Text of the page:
I was stitched up, wheeled to a ward to recover. By then the husband had left to send mum home and I was alone. I would only be able to see my son the following day. It was a lonely night. Womb empty. Arms empty. A blank dreamless sleep. 

Scan continuation

We went back the following week for the scan with Dr B. As usual it took some time before the nurse called us. The doc was attending to another case and so the nurse scanned me first. We hoped that baby would cooperate and be in a good position for them to see. When she did get a somewhat better view, she called Dr B in and he continued the rest. 

Somewhere in between some other doctors and nurses came in and studied the scans. I told myself not to look at the monitor and just calm down. Hard though when the doctors are right beside you and you caught enough jargon to know that the borrowed hope you were living on had just *poofed* like that. The interrupted arch was a real thing. He asked if we went for amnio, I still don’t want to do it. He confirmed what Prof had told us the previous week and recommended that we see Dr S who is a pediatric cardiac specialist. She would give us better insight and understanding.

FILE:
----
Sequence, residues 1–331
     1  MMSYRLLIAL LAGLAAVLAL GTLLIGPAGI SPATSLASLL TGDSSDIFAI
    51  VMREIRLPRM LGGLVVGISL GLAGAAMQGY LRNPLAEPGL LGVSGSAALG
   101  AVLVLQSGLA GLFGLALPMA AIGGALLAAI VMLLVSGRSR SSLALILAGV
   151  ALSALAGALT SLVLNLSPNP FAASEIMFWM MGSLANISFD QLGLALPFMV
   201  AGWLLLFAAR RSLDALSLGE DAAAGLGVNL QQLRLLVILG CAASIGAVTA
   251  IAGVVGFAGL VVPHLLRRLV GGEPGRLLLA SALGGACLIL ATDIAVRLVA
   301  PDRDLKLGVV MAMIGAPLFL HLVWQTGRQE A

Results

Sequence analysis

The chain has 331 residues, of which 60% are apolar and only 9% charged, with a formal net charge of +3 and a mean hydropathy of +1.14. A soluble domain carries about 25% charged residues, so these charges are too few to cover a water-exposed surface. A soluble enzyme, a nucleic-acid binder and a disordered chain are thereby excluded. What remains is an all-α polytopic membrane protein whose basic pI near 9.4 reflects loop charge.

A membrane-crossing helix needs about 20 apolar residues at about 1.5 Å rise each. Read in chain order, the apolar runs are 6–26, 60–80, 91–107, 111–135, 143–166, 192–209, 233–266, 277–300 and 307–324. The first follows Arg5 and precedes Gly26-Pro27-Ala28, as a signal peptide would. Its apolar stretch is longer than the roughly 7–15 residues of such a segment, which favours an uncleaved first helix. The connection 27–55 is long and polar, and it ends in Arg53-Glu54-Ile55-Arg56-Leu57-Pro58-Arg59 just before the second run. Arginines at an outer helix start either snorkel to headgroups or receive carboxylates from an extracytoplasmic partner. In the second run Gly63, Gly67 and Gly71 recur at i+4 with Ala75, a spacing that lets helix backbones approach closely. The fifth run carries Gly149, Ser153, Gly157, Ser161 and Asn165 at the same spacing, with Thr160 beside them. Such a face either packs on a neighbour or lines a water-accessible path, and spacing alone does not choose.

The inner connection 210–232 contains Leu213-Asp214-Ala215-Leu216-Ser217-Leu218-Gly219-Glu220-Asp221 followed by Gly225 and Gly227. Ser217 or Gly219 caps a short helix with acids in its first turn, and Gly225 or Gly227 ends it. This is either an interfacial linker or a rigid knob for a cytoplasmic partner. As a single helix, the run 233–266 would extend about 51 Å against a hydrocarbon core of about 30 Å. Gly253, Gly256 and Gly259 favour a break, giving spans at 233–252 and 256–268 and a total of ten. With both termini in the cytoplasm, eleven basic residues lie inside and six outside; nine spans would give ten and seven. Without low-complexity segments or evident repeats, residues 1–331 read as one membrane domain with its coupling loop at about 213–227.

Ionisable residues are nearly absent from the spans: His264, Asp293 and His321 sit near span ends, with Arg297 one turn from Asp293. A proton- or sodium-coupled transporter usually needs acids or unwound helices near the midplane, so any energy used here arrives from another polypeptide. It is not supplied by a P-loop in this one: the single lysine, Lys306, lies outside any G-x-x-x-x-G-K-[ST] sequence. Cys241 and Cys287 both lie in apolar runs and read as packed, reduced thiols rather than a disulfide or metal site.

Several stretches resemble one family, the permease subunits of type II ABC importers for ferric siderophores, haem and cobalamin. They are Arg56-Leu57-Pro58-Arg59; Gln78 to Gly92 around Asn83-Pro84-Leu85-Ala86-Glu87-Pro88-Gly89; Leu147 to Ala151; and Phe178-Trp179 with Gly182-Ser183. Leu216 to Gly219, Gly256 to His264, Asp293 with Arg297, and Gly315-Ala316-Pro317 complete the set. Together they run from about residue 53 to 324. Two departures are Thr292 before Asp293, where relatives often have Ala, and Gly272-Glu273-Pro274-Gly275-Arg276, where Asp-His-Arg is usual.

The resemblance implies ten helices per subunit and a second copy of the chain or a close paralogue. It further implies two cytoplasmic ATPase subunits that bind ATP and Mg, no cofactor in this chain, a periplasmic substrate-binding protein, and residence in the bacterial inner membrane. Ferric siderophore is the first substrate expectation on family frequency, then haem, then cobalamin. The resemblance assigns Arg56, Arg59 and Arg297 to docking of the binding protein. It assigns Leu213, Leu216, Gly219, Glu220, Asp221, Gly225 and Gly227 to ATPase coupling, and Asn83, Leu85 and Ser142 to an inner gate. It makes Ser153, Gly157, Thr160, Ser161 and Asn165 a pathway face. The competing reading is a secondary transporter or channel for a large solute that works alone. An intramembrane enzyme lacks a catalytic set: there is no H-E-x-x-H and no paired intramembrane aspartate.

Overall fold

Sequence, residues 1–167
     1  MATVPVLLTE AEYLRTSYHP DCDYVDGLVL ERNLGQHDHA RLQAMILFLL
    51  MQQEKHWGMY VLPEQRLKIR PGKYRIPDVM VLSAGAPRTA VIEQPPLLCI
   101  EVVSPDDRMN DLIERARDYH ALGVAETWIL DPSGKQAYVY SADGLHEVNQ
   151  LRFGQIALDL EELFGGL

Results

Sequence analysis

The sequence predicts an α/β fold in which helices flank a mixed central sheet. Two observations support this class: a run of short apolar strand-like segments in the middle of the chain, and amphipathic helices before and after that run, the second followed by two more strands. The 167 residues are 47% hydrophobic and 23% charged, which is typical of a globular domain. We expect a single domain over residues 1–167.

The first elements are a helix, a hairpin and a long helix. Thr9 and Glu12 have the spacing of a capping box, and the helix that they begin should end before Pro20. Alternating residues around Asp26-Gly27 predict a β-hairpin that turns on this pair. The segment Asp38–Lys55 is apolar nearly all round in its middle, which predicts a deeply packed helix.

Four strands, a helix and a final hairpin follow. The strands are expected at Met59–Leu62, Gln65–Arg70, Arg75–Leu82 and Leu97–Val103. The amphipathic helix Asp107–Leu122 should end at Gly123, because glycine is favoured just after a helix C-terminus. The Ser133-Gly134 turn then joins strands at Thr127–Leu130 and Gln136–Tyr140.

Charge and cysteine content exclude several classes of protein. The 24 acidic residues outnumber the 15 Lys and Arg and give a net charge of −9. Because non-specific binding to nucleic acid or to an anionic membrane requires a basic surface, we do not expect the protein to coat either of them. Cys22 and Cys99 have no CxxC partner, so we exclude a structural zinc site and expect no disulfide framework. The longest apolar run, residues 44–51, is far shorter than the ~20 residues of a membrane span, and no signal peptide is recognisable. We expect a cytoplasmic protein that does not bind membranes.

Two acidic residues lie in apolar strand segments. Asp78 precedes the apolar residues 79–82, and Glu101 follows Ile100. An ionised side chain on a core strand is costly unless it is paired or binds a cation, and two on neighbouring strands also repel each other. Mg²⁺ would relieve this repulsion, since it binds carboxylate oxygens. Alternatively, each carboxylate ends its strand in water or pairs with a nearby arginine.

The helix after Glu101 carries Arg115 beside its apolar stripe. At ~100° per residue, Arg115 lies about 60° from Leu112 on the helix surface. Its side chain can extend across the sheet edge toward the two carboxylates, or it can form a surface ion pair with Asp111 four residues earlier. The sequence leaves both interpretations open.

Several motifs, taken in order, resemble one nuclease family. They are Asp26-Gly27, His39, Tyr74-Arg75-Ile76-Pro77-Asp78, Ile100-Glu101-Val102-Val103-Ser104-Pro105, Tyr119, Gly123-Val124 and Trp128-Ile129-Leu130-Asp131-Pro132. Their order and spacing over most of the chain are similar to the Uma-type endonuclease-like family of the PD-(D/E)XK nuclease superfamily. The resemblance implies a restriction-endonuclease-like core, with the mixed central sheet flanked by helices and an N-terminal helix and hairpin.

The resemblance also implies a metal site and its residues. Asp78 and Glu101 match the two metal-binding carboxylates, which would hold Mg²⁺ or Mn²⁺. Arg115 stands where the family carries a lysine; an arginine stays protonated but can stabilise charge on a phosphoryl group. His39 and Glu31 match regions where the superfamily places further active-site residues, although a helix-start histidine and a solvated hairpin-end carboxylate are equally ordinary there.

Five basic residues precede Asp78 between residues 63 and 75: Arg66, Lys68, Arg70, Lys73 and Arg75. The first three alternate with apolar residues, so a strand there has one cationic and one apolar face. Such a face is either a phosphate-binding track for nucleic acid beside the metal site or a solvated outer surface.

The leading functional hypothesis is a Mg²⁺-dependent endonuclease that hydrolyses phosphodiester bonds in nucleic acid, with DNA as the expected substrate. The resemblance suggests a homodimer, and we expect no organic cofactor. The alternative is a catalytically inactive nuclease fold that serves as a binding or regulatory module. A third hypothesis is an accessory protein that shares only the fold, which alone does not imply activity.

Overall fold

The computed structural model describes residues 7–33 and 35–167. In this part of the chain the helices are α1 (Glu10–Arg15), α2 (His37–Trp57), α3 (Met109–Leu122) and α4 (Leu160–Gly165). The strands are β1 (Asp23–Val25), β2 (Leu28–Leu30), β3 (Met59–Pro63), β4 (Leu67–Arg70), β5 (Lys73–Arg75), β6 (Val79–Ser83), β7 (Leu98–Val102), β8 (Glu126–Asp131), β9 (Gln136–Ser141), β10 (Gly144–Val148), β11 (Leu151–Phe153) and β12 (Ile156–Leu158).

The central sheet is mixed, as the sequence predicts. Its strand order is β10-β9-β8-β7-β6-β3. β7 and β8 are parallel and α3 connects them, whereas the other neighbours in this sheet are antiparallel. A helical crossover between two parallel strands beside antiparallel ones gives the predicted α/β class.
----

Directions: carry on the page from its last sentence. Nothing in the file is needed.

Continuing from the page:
I had been to an excursion earlier on that day and was filled with good vibes and happy thoughts. That 30 minutes changed everything. Try as I could, it was hard to contain the fear, worry and anxiety I felt. All I could think of was that it was all my fault. I hadn’t been as diligent with  my supplements, the husband had chided me too. Even despite what the doctors said – that it wasn’t anything that I could have done to avoid this – I felt horrible. It was my mistake too, in delaying the talk with the insurance agent about getting a maternity insurance plan… Before we found out about all of this. So many things weighed on my mind and heart. I felt so exhausted. 

A close friend had accompanied us that day and helped bear some of the sadness and pain of the day’s events. Dinner was a quiet sombre affair. 

We went home, reading the report given by Dr B. He suggested we do amnio (again) to karyotype (because it seemed like it was a confirmed case of a chromosome deletion) and Fish test for both DS and 22q.11.2. There was mention of an evolving hypoplastic left heart. Later that night I read up on it and my heart sank further. At this point, it was hard to describe what I felt. Mostly numb, fear that turned into crying and general… I won’t even call it sadness or depression. But it felt as if someone took all the sunshine and flowers from your soul and bleached it grey.